—  Tammye Nash

WATCH: A beautiful song about marriage equality

Garfunkel and Oates

It’s only been airing a few weeks, but already Garfunkel and Oates is one of my favorite quirky comedies. Playing on IFC, it’s about two girls who are musician-comedians, performing lilting humor songs as part of their act. In the most recent episode, they were tapped to write a song about two male puppets on a popular kids’ show who were getting married. This is the result, called — like another song sung by a puppet named Kermit — “Rainbow Connection.” If it’s not in the running for an Emmy next year, there’s something very, very amiss in the world.

New episodes airs weekly on IFC.

—  Arnold Wayne Jones

Virginia could become marriage-equality state No. 20 this week

John G. Roberts portrait

Chief Justice John Roberts

Virginia could become marriage-equality state No. 20 on Thursday if U.S. Supreme Court Chief Justice John Roberts doesn’t stay the lower court’s ruling.

Roberts set a deadline of 5 p.m. today for the attorneys representing same-sex couples in Virginia’s Bostic v. Schaefer case to respond to the defendants’ request for a stay of the Fourth Circuit’s ruling overturning the state’s marriage ban. If Roberts rejects the stay request, gay and lesbian couples could begin receiving marriage licenses in Virginia starting at 8 a.m. on Thursday morning.

The Bostic plaintiffs case are represented by Ted Olson and David Boies on behalf of the American Foundation for Equal Rights, who are joined by the ACLU and Lambda Legal. Olson and Boies were the attorneys on the winning side of California’s Proposition 8 case.

If put on hold, Virginia will have to wait until the Supreme Court rules on marriage equality. That happened in Utah when the Tenth Circuit refused to stay its decision, but the Supreme Court put the ruling on hold. Both Utah and Virginia have been referred to the Supreme Court for review.

—  David Taffet

Eureka Springs celebrates Arkansas marriage equality with a wedding reception

Eureka SpringsMore than 40 restaurants and businesses in Eureka Springs, Ark. contributed to an event described by one local TV station as the first “mass gay wedding reception in the Bible Belt.”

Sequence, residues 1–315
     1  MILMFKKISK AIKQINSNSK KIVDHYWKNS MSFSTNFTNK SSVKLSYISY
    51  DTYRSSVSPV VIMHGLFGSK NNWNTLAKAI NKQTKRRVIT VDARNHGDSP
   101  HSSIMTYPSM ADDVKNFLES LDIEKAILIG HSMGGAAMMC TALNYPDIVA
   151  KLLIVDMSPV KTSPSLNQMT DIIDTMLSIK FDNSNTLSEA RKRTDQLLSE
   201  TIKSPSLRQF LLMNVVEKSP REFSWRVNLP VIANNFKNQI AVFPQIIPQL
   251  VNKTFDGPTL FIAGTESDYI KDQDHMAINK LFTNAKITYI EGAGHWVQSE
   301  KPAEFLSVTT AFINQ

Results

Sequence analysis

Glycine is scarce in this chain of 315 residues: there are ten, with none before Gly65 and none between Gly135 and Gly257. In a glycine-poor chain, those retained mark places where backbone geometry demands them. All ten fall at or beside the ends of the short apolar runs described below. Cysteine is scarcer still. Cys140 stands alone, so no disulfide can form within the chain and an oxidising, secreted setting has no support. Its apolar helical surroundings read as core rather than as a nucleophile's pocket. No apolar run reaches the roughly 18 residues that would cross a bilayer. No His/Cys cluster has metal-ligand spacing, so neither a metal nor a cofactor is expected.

After the Arkansas anti-marriage amendment was declared unconstitutional, about 500 same-sex couples married in the state before a judge placed a stay on the decision.

The reception was held in Eureka Springs to honor those couples that married.

According to another local TV station, the Eureka Springs City Council called on the Arkansas to offer marriage equality.

Michael Walsh put together the event he titled Married to Equality.

“In addition to being the first city in Arkansas where gay people could get married, we’re the first city in Arkansas to throw them a wedding reception,” Walsh told Arkansas Matters.

—  David Taffet

Abbott a no-show at petition drop

AG delivery2Texas Attorney General Greg Abbott, the Republican nominee for Texas governor, was a no-show Monday when Equality Texas dropped off nearly 5,200 petitions demanding Gov. Rick Perry and Abbott drop their defense of the state’s same-sex marriage ban.

“Despite the plans prearranged last week in which a staff member would meet us in the lobby and take possession of the petitions, the Attorney General’s office said they would only accept the petitions if they were mailed via an acceptable ground carrier,” wrote Chuck Smith in an e-mail.

Instead of giving up, the group headed to the nearby UPS store and mailed them. They’re expected to arrive today.

The action comes after the Feb.26 ruling earlier this year finding Texas’ ban on same-sex marriage to be unconstitutional. Despite growing support for same-sex marriage both in Texas and nationwide, Abbott and Perry appealed the ruling to the 5th Circuit of Appeals.